Though the Indian Constitution reflects the classical rationale of free speech, the state has time and again punished thought and suppressed ideas.
Plutarch's Life of Dion contains an interesting anecdote of Dionysius, an avowed and established tyrant, killing his captain, Marsyas. Marsyas had dreamt of cutting Dionysius's throat, and Dionysius killed Marsyas on account of his dream. He based his decision on the assumption that Marsyas would not have dreamt of such a thing by night if he had not thought of it by day.
In his seminal work The Spirit of Laws, Montesquieu states, “The laws do not take upon them to punish any other than overt acts. The thought must be joined with some sort of action”.
Montesquieu's words are completely lost on the Indian state, and it has time and again assumed the character of a present-day Dionysius by punishing mere thoughts. The latest Dionysius is the Tamil Nadu State government, which has banned the screening of the movie Dam 999 in the State.
Dam 999 is apparently a love story set against the backdrop of the Mullaperiyar dam controversy. The Tamil Nadu government has banned the screening of the movie on the ground that it might lead to public order problems in the State. This amounts to suppression of ideas that supposedly pose a threat to public order.
Indeed, the history of independent India is replete with examples of the government curbing free speech.
One major reason for this is that governments act without an understanding of the underlying rationale of free speech.
There are three main rationales for protection of freedom of speech, which are also reflected in the vision with which our Constitution was drafted.
The first is the self-government rationale, which provides that it is indispensable to protect free speech for a robust democratic process. Protection of free speech is essential for people to communicate on political matters, which in turn enables them to fully participate in democratic affairs.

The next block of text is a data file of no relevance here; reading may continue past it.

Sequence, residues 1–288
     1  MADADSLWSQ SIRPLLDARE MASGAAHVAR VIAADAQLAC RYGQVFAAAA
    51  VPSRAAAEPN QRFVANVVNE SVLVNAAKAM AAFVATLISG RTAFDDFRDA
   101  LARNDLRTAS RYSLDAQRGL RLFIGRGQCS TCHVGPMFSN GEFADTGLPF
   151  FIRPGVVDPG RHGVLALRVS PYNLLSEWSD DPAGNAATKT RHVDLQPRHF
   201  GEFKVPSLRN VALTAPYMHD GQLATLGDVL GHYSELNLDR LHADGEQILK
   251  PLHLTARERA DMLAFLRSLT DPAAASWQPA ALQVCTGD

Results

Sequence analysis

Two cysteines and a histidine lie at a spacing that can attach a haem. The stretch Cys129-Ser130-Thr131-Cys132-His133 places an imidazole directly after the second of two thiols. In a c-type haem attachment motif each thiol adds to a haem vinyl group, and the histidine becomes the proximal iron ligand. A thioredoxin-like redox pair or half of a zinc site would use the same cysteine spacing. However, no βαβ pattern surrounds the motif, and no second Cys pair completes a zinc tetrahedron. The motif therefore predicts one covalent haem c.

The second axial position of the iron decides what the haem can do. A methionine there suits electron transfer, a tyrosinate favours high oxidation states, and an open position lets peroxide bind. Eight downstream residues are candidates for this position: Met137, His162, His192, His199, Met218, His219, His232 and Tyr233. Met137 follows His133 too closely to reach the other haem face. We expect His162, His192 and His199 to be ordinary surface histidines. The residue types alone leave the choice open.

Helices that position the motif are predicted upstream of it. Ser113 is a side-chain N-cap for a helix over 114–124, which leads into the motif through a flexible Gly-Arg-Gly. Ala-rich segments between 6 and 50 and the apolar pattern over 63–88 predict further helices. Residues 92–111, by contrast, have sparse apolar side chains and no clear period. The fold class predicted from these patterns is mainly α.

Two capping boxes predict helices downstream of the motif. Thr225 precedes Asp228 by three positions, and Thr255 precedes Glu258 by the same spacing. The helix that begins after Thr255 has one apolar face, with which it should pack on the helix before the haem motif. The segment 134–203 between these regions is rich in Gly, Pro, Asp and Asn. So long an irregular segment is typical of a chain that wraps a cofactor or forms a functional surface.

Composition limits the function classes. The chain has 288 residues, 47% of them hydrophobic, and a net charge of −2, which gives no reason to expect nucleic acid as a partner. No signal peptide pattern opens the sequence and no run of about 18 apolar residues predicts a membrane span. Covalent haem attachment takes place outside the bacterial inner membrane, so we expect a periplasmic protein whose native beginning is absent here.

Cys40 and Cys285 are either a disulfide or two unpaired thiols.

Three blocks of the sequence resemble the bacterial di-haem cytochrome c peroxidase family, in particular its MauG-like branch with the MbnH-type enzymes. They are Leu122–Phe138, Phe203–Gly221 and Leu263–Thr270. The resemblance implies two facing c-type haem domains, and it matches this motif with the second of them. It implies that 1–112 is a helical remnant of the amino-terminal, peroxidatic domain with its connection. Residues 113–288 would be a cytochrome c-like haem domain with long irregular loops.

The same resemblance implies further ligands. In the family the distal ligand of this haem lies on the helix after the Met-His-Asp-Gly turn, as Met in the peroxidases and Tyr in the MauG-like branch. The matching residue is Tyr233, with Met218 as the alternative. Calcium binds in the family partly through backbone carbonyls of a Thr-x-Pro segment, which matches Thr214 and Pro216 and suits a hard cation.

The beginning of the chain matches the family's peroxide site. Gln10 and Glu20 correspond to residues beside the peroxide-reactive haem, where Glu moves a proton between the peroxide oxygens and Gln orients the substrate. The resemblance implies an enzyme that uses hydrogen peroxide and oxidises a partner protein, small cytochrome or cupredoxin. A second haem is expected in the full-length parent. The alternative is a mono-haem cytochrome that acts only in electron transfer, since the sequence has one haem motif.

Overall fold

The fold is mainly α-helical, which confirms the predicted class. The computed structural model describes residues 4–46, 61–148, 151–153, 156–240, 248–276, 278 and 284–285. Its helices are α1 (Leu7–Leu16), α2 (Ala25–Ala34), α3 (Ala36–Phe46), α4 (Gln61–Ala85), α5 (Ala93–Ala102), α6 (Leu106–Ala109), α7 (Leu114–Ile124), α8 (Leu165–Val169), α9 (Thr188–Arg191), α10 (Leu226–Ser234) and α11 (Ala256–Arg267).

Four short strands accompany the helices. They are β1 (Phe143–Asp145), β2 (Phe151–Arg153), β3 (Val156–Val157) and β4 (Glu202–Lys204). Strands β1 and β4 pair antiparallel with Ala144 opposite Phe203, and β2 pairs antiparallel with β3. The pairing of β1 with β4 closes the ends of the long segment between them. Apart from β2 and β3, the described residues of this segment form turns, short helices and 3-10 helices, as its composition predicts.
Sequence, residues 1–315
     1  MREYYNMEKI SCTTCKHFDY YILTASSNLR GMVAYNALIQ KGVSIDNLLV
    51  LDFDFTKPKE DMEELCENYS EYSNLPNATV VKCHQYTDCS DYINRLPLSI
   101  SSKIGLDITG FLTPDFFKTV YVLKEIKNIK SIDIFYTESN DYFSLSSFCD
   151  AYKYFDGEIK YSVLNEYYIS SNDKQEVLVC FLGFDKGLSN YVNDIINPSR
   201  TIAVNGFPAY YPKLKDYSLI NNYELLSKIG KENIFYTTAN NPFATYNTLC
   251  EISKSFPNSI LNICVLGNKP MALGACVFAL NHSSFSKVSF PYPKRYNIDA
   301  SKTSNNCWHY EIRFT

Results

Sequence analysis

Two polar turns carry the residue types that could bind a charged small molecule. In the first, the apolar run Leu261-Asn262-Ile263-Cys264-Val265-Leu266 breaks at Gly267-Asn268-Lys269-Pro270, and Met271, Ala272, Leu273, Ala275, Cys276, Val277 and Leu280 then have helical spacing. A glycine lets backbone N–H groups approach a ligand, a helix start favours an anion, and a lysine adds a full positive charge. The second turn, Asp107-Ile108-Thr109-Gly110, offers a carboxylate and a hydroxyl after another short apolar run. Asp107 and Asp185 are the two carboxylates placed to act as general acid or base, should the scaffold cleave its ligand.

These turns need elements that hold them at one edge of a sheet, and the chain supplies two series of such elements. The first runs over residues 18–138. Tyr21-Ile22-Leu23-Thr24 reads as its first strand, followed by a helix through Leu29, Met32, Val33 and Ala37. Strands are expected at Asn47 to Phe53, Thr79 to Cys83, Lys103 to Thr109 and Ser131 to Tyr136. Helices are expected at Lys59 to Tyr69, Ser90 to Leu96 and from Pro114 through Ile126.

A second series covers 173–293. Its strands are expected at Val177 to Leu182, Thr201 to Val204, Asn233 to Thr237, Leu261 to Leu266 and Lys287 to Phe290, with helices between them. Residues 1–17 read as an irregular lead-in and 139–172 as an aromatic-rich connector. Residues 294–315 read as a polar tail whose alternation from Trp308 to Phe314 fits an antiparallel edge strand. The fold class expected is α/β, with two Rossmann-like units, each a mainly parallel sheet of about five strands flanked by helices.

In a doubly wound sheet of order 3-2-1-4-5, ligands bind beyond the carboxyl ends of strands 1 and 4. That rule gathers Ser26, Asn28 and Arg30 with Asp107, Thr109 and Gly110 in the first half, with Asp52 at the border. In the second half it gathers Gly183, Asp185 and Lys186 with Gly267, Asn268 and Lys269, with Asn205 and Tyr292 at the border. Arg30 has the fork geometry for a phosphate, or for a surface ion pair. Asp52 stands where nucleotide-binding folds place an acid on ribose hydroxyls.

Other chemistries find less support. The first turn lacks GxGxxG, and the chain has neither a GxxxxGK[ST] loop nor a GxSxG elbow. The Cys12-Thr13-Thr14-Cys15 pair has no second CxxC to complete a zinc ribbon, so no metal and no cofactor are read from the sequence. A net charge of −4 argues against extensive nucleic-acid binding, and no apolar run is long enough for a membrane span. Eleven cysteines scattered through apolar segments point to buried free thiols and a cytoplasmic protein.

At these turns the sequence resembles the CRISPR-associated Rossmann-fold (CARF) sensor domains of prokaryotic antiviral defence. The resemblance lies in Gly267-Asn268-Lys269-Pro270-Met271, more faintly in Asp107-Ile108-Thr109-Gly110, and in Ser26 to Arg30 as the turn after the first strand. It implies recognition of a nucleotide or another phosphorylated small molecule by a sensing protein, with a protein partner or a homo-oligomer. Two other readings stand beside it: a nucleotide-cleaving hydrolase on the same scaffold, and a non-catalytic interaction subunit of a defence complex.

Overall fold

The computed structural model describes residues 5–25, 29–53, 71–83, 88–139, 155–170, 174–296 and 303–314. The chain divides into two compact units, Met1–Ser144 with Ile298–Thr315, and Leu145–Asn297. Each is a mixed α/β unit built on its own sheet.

The second rationale is fashioned on laissez faire in the economic realm and conceives that, in a marketplace of ideas, the better ideas eventually prevail through competition. In the words of Justice Holmes of the U.S. Supreme Court, “the best test of truth is the power of the thought to get itself accepted in the competition of the market” (Abrams v. United States).
The last rationale treats freedom of speech as promotion of every individual's self-fulfillment and autonomy. This rationale posits that protection of free speech is essential for human identity.
Glanville Austin, in his exposition on the Indian Constitution (Working A Democratic Constitution, The Indian Experience), indicates that the core vision of the Indian Constitution can be summed up as having the following foundational strands:
(i) Protecting national unity and establishing the institutions and spirit of democracy
(ii) Fostering a social revolution to better the lot of Indians.
The spirit of democracy can be strengthened if citizens are able to fully participate in democratic affairs (self-government rationale). Similarly, for fostering a social revolution and to improve the lot of Indians, it is necessary that the society engages itself in the pursuit of truth, and all citizens be given every opportunity to realize their potential (self-fulfillment and autonomy). These rationales for free speech thus represent an important resource in our constitutional tradition that the Indian state keeps ignoring at its own peril.
Thus, if India has to evolve, a better understanding of our constitutional traditions is a must. And if anti-speech acts persist, it reflects nothing but the Dionysius nature of the Indian state.